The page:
finger is the painful result of a repetitive
strain injury to the hand. The fingers in the
hand move via tendons that facilitate bending,
grasping, and pinching. These tendons move
through tunnels, which can become irritated
and inflamed with excessive use. When irritated,
these tendons swell and the tunnels that facilitate
movement grow smaller. This in turn causes
pain and catching during finger movements.
In the vast majority of cases, there is
no major trauma to the hand that precipitates
trigger finger. Rather, patient will notice
a gradual building of uncomfortable symptoms.
Often, the pain begins in the palm of the
hand and radiates out. In addition, there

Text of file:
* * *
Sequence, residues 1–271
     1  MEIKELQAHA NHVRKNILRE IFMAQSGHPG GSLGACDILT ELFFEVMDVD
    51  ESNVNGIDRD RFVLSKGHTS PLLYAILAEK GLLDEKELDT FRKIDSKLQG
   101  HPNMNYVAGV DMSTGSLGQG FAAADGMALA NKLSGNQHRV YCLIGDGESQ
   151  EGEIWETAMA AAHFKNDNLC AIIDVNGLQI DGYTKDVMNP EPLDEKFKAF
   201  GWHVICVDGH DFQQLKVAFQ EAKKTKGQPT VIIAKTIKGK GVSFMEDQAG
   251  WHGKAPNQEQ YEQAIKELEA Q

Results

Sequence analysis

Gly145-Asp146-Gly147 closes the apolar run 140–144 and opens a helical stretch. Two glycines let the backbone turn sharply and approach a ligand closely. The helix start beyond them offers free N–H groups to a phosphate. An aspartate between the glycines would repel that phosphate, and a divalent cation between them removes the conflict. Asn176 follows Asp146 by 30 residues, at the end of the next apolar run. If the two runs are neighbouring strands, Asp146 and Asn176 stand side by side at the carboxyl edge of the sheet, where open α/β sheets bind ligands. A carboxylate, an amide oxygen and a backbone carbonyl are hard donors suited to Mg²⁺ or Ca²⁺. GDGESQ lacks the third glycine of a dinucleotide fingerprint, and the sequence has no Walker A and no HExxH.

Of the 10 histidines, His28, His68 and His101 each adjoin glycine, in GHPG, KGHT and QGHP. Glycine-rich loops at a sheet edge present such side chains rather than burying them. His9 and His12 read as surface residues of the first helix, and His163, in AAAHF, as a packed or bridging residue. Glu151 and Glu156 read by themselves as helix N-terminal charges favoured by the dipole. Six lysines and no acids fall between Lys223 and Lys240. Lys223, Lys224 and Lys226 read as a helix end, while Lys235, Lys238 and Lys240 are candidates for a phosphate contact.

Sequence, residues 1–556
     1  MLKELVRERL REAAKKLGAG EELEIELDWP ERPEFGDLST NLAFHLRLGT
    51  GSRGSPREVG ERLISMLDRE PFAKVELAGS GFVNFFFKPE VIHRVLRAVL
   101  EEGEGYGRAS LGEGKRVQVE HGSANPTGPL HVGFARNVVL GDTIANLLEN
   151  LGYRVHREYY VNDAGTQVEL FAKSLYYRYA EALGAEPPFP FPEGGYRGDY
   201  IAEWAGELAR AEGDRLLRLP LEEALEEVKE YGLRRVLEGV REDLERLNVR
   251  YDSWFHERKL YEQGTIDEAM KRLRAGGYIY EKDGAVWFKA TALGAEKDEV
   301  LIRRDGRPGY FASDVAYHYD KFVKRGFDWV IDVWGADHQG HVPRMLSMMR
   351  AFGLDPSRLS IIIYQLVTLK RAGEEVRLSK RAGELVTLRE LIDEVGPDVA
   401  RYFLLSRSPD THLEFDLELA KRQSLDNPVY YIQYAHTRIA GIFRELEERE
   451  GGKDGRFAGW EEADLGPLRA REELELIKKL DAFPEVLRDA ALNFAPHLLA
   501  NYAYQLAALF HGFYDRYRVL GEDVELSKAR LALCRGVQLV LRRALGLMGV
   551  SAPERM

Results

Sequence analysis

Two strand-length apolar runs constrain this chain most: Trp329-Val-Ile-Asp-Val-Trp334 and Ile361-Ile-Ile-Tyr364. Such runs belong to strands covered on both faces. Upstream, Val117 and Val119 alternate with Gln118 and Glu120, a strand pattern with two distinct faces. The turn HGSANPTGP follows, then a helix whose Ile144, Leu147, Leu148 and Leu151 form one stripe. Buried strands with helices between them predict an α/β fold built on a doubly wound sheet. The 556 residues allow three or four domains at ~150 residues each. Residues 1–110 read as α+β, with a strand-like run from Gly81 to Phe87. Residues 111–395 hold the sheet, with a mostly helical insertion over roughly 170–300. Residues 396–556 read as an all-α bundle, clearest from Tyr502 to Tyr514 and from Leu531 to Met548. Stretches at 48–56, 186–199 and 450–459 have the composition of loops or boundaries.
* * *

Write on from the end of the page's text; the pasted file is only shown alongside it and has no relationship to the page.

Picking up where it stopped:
may be swelling and painful lumps in the
These symptoms usually are sufficient
for a doctor to diagnose trigger finger.
Typically, he or she will take a medical
history and will inquire about the environment
in which you spend most of your time (e.g.,
are you at a keyboard all day? Do you operate
heavy machinery?). In rare cases, x-rays
may be taken, but usually a physical examination
of the hand is sufficient to feel the swollen
There are numerous treatments for trigger
finger, including over-the-counter medication
and splints. These choices, however, tend
to provide only temporary relief and they
don't do much to alleviate the painful
feeling of having a dislocated finger.
Increasingly, doctors and physical therapists
are turning to exercises that may help
to align the bones, tendons, and ligaments
that run through the arm and extend to
the hand. Research shows that with proper
training, the musculature of the hand can
be realigned to treat trigger finger effectively.
Contact www.repetitive-strain.com to
learn more about how innovative exercise